EU PETER project on food and feed traceability: Successful first year of project

Participants in the EU PETER project on food and feed traceability have reported a successful first year. Successes include the fulfilment of chief aims in the co-ordination and dissemination of information a total of sixteen 16 individual initiatives addressing traceability.

The PETER project (Promoting European Traceability Excellence and Research) co-ordinates the broad range of EU-funded research in the field of food traceability funded by the EU. The project also collates research results into a user-friendly form for use by SMEs on a global basis. It was established in 2006 as a Framework 6 Specific Support Action Programme.

As part of the efforts to guarantee the security, safety and quality of food, the EU has invested more than 100 million euro in traceability research. This investment has facilitated the establishment of a uniquely comprehensive database on traceability that is of great value to exporters and importers, growers and breeders, feed manufacturers, food processors and manufacturers, distributors, wholesalers and retailers.

In the first annual report, partners of the PETER project state their fulfilment of key stage targets in the following:

  • provision of an international forum for the focussing, dissemination and exploitation of EU research on food and feed traceability;
  • improvement of collaboration between European projects;
  • reduction of duplication between on-going projects;
  • maximisation of the effectiveness of projects through the sharing of objectives and results;
  • creation of added value for project work through the identification of research gaps and of areas of potentially complementary activity;
  • achievement of a high level of dissemination involving 422 project participants.

Within PETER, Drs Yves Bertheau and John Davison represent the Co-Extra project concerned with the co-existence and traceability of GMO food and feed chains. Under the auspices of PETER, Co-Extra has established a series of stakeholder seminars that have been conducted with a variety of audiences (competent authorities, SMEs, scientists) in countries including Korea, Japan, Taiwan, Russia, the Czech Republic, Algeria, Italy, the UK and Israel. As representatives of the Co-Extra project, John Davison and Yves Bertheau have also written a peer-reviewed review*.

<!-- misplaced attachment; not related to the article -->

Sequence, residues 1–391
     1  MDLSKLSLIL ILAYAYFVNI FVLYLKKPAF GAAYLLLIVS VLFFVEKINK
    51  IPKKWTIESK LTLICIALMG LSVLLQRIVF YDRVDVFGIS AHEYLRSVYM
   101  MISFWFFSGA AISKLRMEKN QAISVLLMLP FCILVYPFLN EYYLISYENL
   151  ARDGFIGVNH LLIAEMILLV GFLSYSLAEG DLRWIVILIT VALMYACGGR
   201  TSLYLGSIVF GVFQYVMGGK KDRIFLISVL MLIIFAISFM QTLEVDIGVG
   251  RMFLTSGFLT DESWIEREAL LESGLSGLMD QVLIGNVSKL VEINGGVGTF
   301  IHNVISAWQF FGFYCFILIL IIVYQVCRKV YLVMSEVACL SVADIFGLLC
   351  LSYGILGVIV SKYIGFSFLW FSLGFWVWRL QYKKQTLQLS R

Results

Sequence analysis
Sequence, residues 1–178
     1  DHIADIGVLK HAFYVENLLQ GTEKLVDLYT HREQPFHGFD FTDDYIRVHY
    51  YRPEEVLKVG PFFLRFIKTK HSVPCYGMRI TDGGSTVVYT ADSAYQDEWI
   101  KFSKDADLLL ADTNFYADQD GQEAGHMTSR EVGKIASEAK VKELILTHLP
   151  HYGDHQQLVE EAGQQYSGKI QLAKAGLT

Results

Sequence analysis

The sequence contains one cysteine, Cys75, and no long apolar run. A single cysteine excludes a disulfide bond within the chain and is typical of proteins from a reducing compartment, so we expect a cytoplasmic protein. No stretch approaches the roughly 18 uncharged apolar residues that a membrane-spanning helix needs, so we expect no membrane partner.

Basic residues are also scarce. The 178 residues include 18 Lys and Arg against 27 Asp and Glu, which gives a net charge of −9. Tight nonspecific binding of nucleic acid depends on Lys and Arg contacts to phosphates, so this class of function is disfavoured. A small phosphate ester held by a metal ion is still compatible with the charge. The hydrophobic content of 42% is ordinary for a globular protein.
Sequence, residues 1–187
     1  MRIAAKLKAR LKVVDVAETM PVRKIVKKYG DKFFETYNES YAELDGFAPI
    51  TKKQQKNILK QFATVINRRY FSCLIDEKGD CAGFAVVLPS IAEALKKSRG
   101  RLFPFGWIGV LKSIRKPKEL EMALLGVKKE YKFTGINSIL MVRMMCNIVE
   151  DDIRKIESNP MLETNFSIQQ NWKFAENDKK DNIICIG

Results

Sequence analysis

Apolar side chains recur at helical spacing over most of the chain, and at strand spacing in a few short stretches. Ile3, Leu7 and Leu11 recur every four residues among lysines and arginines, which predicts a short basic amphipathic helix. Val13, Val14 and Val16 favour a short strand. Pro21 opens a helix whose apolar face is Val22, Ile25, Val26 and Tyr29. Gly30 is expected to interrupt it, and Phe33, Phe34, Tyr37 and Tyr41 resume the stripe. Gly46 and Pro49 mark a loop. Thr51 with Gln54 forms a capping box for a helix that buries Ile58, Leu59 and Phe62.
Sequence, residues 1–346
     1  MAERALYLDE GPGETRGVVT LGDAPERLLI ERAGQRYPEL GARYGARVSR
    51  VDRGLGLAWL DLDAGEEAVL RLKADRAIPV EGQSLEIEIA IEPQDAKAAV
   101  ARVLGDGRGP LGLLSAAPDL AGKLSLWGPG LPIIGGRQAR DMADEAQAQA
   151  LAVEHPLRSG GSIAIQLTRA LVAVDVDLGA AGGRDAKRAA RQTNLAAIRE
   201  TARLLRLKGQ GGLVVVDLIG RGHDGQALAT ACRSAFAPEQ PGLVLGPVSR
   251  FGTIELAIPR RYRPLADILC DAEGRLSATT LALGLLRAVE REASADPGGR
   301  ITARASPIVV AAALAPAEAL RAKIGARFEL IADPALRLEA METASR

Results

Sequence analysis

Project co-ordinator Michel Debord stated: "PETER is essentially about communication, both between the EU-based stakeholders in the food and feed industries and between the EU and those who wish to trade with it."

"As the world's largest single market the EU offers a massive opportunity for those wishing to trade with it so long as they understand and comply with traceability standards and legislation."

A series of international conferences and workshops and a web-based organ of communications as well as specific platforms for dialogue with industry, consumer and standardisation stakeholders all were instrumental in the dissemination of information on key traceability issues.

In addition, significant research products available from partners of the PETER project include the following:

  • TraceFood - a framework addressing the origin and processing of food products (see
  • TraceCore XML - ensuring that relevant, comparable and searchable information can be gathered and shared in a standard way through a supply chain for all food products (
  • FoodTrace Generic Framework - ensuring smooth and efficient transfer of information along and across every stage of food chains with the ability to plan, model, validate and implement(
  • FoodTrace: Guidelines for Data Capture - the business, process and quality drivers for realising harmonious traceability systems and accommodating cross supply chain complexities(

The PETER project will also produce a Compendium of Automatic Identification and Data Capture Technologies and Application Guidelines relevant to traceability. In addition, a database containing details of activities, stakeholders, communication and dissemination channels on traceability in the EU, INCO countries and in the Latin America and MERCOSUR region has also been established.

"Having achieved our initial objectives of consolidation and dissemination we shall in the second year of the project be investigating a whole range of additional research areas, and which we recommend should be included in EU Framework 7 calls," added Mr Debord.

To read the PETER report in full go to and click on the pdfs in the news section in the right-hand column

*EU regulations on traceability and detection of GMOs: difficulties in interpretation, implementation and compliance (2007) CAB Reviews: Perspectives in Agriculture, Veterinary Science, Nutrition and Natural Resources.